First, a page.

Reading The New And Improved Food Labels

Reading The New And Improved Food Labels

Katie Hake
By: Katie Hake
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Summary


Nutrition facts labels are changing this summer! Here's what's new and what to look for....

Have you ever picked up an item in the grocery store that looked healthy, turned around to read the label, and just ended up confused? Good news! You will start to see a NEW and improved Nutrition Facts label on almost all packaged foods by July 26, 2018. My name is Katie Hake, and as a Registered Dietitian Nutritionist, my goal is to help you be a smart consumer. I specialize in working with bariatric patients and clients seeking general health and wellness. I provide individualized nutrition counseling to help my clients make healthy changes long term. Through individual sessions and support groups, we work together to learn more about nutrition, which includes learning how to read food labels.

What's New?

  • Added Sugars: Sugar naturally occurs in many dairy, grain, and fruit based products. The 2015- 2020 Dietary Guidelines recommend we consume less than 10% of calories per day from added sugars. These will be higher in processed foods or beverages such as sports drinks, candy, and other sweets.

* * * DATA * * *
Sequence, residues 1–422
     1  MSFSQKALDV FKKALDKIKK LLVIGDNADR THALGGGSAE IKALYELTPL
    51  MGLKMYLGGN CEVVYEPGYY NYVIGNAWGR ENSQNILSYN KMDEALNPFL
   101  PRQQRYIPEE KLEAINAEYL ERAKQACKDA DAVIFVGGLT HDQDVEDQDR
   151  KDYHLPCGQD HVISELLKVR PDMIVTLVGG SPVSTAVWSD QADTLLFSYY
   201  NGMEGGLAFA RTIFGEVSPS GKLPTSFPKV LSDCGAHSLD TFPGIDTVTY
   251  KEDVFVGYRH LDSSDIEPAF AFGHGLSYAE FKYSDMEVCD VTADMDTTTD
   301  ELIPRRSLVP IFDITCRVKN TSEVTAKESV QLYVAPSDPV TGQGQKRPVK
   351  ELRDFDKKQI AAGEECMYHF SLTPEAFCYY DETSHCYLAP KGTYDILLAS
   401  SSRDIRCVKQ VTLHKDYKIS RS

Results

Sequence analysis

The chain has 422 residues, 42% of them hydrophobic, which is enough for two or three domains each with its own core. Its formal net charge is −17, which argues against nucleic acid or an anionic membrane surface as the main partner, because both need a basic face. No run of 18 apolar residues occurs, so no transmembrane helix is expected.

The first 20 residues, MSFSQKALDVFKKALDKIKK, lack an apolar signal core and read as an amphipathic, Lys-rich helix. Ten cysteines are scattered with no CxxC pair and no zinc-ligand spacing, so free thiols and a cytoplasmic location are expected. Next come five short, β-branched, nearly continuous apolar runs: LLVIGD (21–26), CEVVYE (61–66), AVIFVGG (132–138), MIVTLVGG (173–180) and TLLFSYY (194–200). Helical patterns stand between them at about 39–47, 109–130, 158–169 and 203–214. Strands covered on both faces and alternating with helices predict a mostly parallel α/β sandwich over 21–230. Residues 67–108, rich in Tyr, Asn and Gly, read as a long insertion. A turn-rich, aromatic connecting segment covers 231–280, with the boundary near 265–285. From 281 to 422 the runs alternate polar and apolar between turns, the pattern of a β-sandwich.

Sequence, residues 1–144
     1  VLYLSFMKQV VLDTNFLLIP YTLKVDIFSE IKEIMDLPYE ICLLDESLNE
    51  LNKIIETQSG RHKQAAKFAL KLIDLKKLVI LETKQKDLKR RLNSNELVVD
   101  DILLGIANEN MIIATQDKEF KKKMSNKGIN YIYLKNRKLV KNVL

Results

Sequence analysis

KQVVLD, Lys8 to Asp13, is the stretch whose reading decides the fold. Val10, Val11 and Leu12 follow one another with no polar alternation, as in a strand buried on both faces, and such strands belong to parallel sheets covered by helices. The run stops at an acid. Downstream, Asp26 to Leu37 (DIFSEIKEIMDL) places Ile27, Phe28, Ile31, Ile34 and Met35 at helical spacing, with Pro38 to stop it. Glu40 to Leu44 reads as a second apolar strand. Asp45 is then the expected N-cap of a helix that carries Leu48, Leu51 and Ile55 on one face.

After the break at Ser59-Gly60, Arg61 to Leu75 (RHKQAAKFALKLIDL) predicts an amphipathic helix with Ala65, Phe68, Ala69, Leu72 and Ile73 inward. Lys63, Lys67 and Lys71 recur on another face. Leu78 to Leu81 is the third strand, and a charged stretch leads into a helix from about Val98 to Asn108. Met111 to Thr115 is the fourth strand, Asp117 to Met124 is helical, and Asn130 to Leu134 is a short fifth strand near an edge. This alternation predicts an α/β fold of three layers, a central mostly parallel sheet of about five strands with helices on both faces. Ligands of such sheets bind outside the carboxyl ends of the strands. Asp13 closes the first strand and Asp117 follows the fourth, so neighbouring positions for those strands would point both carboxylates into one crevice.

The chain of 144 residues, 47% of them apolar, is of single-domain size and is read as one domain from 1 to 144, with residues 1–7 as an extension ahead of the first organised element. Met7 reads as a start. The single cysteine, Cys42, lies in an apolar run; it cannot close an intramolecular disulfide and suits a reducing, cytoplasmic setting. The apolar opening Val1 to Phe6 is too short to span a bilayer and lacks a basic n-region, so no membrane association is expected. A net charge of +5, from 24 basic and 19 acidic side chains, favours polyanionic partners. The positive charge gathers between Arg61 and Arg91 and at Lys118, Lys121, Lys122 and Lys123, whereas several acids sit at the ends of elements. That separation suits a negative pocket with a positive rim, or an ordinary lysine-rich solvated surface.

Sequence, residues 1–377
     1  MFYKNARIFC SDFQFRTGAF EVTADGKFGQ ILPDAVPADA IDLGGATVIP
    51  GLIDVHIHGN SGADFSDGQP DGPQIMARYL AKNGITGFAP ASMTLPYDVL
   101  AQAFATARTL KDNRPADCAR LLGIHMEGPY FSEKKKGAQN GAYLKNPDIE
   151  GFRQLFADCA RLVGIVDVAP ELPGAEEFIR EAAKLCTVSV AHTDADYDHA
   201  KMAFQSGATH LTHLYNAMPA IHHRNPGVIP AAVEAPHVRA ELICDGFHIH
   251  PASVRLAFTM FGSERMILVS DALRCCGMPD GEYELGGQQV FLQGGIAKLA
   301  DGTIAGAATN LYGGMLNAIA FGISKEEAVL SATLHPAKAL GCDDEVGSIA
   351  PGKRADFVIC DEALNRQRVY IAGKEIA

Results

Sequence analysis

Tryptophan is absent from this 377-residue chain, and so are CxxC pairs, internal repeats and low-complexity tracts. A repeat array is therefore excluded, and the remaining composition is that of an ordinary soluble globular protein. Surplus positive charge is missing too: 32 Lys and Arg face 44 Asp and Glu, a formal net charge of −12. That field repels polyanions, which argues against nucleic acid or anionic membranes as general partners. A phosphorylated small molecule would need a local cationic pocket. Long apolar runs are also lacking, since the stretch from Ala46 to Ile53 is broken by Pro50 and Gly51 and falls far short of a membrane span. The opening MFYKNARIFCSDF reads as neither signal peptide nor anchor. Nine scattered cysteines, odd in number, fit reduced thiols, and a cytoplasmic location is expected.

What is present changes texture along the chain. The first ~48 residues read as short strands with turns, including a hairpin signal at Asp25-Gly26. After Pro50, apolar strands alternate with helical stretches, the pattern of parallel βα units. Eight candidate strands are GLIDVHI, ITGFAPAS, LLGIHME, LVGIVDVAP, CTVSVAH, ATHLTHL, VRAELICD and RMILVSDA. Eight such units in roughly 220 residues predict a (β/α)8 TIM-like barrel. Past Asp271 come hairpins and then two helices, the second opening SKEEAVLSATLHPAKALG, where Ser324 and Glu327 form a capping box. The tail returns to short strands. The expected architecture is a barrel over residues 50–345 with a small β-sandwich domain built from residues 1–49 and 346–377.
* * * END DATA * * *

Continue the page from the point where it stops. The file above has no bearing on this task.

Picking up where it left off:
• Nutrients: Vitamin D and potassium will now be required on the label along with calcium and iron since studies show Americans typically do not consume enough of these nutrients. Vitamins A and C are no longer required to be listed since deficiencies are rare.
  • Calories & Serving Size: These will be bigger and bolder which makes it easier to see. Serving sizes will be revised to reflect what Americans typically consider a portion when it comes to packaged foods. Studies show it is more important to consider the type of fat consumed rather than the amount which is why 'Calories from Fat' will also be removed.
  • %Daily Value: This percentage gives an idea of how much of a certain nutrient should take up from your typical diet. This can help to identify if a particular serving of food is either high or low in a certain nutrient. A good rule of thumb is if the %DV is less than 5, it is low in that nutrient, and good if above 20.

Take Home Message?

  • Reading food labels can help to compare food products to make healthier choices.

References:

  • https://www.fda.gov/Food/GuidanceRegulation/GuidanceDocumentsRegulatoryInformation/LabelingNutrition/ucm385663.htm
  • https://www.fda.gov/Food/GuidanceRegulation/GuidanceDocumentsRegulatoryInformation/LabelingNutrition/ucm385663.htm
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Katie Hake

Katie Hake